Nov 28, 2012

Ouch - I feel this one

Jennifer dropped the hammer on a deer, and heard the second loudest noise in the world - a *click* when expecting a BOOM. She includes a picture of the dimpled round, which is a Hornady V-Max .223. I made a quick comment from my tablet last night, which was... pointed.

I have a real computer in front of me now and expanded upon it there, but reposting here because it's important information, IMHO.

On re-read in the dim light of morning, my reply last night was a bit brusque. I apologize – I was on my tablet and fighting it for spelling. Not an excuse, mind you, just circumstance.

Now that I’m in front of a real computer, a more-better answer. As Daniels already said, Vmax won’t hold together. They’re pretty fragile bullets, short of being frangible, and smacking a rib or shoulder blade on the way in will turn them into shards that don’t penetrate very well. The deer may well die, but it’ll do it a day or two and several miles later.

Bonded bullets – things like Remington CoreLokt, Hornady Interlocks/Interbonds, and the like – are designed to take that hit without shedding the jacket and fragmenting. They’ll create one consistent wound channel through the deer and mash the necessary vitals on the way through.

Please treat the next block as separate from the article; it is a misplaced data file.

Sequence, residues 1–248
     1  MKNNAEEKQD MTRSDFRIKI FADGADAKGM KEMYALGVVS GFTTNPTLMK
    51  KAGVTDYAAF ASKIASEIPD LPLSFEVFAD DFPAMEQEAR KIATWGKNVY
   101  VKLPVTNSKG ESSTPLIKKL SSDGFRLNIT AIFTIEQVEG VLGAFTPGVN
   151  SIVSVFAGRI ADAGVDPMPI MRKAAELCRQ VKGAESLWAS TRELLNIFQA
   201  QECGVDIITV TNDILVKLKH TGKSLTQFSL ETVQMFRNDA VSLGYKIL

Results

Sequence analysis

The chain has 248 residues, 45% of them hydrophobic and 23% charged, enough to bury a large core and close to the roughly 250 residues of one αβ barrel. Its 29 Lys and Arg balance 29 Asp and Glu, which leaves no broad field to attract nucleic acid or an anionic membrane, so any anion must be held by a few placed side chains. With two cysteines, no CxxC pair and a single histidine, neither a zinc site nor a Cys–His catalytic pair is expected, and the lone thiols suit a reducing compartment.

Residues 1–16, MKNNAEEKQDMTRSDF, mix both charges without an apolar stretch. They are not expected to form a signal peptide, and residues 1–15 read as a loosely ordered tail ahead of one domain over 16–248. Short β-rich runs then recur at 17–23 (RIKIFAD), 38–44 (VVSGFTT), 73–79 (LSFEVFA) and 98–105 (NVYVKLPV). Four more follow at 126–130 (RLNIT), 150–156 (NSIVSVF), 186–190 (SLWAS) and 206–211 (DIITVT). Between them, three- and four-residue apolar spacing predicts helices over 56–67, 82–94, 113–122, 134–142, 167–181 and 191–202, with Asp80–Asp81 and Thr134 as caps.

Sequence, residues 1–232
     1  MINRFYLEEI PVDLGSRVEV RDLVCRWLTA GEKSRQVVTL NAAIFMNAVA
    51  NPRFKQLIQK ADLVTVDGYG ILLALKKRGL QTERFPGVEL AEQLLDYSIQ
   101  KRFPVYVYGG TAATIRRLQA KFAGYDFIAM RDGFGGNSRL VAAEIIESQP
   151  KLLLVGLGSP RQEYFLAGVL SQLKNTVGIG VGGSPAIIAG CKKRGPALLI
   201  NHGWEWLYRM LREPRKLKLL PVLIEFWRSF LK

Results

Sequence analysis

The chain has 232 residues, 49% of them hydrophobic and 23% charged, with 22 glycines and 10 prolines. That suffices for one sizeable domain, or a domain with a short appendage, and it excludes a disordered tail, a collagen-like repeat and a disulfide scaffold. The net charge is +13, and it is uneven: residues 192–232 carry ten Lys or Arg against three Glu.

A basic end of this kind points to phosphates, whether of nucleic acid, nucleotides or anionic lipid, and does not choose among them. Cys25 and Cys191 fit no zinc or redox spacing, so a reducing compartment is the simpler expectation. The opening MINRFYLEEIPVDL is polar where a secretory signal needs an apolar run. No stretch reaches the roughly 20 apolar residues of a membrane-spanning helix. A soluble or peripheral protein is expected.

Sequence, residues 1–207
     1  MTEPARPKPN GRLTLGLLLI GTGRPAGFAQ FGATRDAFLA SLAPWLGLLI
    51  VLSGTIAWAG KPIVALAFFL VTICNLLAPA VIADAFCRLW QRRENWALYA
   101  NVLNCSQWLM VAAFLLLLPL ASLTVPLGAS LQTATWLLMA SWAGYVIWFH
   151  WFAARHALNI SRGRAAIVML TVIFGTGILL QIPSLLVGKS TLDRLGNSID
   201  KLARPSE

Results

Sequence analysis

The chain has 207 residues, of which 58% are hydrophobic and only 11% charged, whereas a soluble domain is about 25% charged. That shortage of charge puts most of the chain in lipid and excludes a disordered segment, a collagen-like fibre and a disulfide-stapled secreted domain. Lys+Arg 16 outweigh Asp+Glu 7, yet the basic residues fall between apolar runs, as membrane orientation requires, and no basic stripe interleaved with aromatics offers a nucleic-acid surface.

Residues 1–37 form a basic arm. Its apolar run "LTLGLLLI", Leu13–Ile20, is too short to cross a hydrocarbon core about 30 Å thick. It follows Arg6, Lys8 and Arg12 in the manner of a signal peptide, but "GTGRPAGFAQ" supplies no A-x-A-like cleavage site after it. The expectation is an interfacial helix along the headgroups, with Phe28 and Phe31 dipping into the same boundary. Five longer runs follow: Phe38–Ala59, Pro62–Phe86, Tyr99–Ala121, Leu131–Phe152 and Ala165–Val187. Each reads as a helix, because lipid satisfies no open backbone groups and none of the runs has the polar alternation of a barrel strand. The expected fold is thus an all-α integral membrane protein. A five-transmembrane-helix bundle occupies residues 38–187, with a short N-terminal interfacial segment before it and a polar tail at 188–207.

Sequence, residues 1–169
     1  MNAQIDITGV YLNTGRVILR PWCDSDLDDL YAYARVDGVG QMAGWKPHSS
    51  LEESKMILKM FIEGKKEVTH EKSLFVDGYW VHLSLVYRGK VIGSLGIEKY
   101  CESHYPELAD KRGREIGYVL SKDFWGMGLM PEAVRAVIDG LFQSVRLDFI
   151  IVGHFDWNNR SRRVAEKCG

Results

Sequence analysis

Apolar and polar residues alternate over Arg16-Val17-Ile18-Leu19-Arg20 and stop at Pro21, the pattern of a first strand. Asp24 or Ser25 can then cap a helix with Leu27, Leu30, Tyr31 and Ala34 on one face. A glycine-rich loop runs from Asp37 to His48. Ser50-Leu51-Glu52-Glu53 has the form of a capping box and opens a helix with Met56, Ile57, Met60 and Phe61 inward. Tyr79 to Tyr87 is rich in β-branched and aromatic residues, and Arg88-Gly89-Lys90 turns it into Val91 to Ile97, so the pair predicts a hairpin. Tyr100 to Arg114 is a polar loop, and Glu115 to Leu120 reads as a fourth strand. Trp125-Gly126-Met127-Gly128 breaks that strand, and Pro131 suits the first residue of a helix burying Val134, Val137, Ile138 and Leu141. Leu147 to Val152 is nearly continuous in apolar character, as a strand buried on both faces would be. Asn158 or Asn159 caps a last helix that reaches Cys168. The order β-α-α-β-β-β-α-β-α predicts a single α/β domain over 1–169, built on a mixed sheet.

One step further, perhaps in a slightly different direction, is the solids, like the Barnes TSX I mentioned before. It’s a single-metal construction, so there is no jacket to shed, and the TSX in particular is known for outstanding performance on deer.

I don’t know what twist rate you’re using in your rifle, but even if it’s a 1/9 I’d suggest getting a box or two of 62gr CoreLokt Premiums or Barnes TSX, getting a new zero, and using those. If you’re lucky enough to be using a 1/8 or 1/7 rifle, I’d step up to the 69-72gr range.

There’s a VERY long thread on ArfCom about deer hunting with .223 here. And, corollary, another one from a guy getting pretty soundly lambasted for blaming the bullet for losing a deer.

Personal anecdote: A few years ago, I was out in the end of deer season and tromping across a field near sunset. I didn't see a drifted-over drainage ditch, and went ass-over-teakettle into it. My gun (870) got thoroughly packed with snow. I cleared the bore, receiver, etc, and reloaded. A few minutes later a deer popped out of the hedge, I raised the gun, took a shot, and missed. I worked the action, and instead of loading the next shell, the magazine tube promptly vomited all four slugs into foot-deep snow. Seems when I'd reloaded, the shell lifter had gotten frozen in the up position, and when I pulled the slide back, the shell catch in the tube froze open. I went home and hung it up for the day.

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